Two years ago, Illinois legislators passed the Future Energy Jobs Act in an effort to transition the state from its fossil-fueled industrial past into a future where solar and wind created jobs, cleaned the environment and saved electric ratepayers money.
The goals envisioned by those lawmakers didn’t really come into focus until earlier this month, however, when the Illinois Public Utilities Commission approved the final version of the Long-Term Renewable Resources Procurement Plan.
Under the plan, the state committed to spending $180 million per year initially—eventually growing to $220 million per year—to support renewable energy. Specifically, the act supports three segments of solar development across the state: large-scale solar power, community solar and rooftop solar.
Supporters included members in all segments of Illinois’ energy economy — renewable advocates, utilities, energy efficiency groups, and environmentalists. They say the plan will preserve 4,200 jobs and stimulate $1.2 billion in economic activity in the state on an annual basis.
Based on 2016 data from National Solar Jobs Census conducted every year by The Solar Foundation, the solar industry created 1 in every 50 jobs in the U.S. economy in 2016. As such, solar employment continues to solidify its standing as one of the most robust and powerful employment drivers in the U.S., providing citizens with well-paying jobs that can’t be outsourced.
With the passage of the plan, Illinois is guaranteeing both its current workers as well as future generations the opportunity to be on the cutting edge of energy employment.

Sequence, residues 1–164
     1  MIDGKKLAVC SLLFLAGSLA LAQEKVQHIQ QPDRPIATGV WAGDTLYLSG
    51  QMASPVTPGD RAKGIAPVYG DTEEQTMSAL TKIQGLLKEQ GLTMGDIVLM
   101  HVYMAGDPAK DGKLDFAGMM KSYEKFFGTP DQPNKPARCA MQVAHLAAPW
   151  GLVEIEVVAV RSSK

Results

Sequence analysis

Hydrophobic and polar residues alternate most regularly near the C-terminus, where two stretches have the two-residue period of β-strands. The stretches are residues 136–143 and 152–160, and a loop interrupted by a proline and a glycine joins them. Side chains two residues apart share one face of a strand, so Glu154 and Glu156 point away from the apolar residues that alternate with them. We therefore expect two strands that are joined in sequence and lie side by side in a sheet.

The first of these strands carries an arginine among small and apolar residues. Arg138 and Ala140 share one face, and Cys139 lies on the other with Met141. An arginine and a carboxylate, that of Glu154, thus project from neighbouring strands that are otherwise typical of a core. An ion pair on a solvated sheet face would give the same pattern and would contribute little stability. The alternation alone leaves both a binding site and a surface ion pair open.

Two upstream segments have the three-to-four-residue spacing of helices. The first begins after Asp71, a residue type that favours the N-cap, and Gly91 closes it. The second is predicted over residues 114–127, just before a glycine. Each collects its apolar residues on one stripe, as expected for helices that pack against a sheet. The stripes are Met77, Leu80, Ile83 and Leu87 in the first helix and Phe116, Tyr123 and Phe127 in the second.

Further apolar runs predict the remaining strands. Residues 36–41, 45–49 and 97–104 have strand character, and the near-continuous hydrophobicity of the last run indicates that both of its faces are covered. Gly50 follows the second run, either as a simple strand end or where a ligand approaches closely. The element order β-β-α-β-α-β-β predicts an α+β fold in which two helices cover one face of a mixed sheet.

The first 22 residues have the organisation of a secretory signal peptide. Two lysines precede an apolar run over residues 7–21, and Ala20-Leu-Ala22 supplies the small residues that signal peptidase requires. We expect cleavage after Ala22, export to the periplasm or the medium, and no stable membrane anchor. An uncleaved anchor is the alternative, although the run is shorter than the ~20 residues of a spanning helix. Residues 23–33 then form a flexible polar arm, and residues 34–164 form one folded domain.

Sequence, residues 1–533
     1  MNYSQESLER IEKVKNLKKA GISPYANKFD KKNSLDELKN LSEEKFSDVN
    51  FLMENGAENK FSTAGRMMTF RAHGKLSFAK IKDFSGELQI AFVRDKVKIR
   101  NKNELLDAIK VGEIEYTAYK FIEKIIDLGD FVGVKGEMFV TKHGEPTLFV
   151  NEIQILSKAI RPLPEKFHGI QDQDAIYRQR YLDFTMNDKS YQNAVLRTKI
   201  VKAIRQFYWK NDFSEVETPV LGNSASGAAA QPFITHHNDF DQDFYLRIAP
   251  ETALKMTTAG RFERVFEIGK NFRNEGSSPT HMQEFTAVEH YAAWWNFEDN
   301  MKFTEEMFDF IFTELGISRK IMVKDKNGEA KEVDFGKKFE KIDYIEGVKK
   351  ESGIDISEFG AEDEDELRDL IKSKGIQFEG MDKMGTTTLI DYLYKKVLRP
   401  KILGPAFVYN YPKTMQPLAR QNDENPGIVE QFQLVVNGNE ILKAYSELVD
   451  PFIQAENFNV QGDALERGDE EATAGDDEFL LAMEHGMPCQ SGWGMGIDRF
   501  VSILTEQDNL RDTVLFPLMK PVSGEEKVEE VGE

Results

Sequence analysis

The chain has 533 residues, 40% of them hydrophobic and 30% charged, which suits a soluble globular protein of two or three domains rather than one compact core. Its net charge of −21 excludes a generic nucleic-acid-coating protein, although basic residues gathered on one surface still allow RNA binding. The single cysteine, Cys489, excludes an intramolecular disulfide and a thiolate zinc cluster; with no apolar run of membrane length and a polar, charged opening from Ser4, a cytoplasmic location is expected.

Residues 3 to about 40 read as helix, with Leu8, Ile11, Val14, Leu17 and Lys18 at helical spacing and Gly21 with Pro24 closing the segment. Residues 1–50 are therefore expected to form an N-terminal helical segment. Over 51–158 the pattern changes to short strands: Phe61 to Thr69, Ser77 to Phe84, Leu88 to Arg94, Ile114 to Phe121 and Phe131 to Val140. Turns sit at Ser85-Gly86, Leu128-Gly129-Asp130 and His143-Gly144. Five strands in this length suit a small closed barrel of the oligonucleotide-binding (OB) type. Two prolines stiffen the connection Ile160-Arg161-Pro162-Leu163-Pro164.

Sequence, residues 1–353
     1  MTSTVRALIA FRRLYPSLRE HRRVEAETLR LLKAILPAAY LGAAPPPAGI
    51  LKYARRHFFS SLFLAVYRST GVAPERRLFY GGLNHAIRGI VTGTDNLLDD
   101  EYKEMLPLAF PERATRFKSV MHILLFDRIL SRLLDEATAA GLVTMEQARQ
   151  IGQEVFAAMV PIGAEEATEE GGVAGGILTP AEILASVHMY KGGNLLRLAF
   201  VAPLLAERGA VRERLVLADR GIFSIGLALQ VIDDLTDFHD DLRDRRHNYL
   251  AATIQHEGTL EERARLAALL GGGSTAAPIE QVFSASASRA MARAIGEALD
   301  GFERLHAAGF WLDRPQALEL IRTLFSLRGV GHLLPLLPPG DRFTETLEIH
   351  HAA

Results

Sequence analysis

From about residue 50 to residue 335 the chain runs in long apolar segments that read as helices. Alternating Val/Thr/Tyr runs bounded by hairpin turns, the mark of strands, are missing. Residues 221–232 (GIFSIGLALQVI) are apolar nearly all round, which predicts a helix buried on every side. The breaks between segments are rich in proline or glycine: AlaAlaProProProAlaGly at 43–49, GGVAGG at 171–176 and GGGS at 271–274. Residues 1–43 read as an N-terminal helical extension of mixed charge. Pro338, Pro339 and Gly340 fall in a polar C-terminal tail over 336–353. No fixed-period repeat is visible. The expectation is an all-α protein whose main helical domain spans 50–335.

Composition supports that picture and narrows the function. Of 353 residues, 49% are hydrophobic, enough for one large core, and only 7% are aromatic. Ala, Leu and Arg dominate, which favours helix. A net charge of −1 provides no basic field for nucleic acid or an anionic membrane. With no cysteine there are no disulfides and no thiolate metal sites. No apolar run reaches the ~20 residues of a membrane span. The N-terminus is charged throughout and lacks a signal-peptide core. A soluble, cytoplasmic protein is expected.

And, while economics and job creation are reason enough to celebrate the PUC’s acceptance of the plan, there are some truly innovative aspects of the emerging Illinois solar market which have us excited.
First of all, the plan raises the state’s renewable portfolio standard (RPS), which requires utilities to get certain percentages of their electricity production from renewable sources. The legislature raised Illinois’ RPS to 25 percent by 2025. That means the legislators didn’t just have their eyes on short-term electoral gains but are committed to building a clean-energy infrastructure over a significant timeline, implying a long-term market opportunity for development and investment.
Secondly, the plan creates incentives to not only develop utility-scale solar or residential projects but also embraces the development strategy of community solar from small utility-connected solar assets. The community-solar concept is quickly gaining prominence as a preferred way to develop and supply power to offtakers. Community solar allows homeowners and business owners to buy power directly from solar projects that are not sited on their facilities or homes, allowing for a true democratization of solar access unconstrained by available land or south-facing roofs.
Finally, we also appreciate the carve-out the legislators made in the bill focusing on low-income communities. The plan commits the state to spend up to $750 million to give the most vulnerable Illinois citizens a chance to benefit from the clean energy buildout anticipated in Illinois.
As a national solar company, we are constantly looking for markets in which we can expand, and Illinois’ recent decisions have made it an even more attractive market than ever before — and one that has an opportunity to become the leading solar state in the Midwest.
We look forward to playing a role in making that solar future a reality in Illinois, and we applaud the PUC for its decision.
Lead image credit: U.S. Department of Energy | Public Domain | Flickr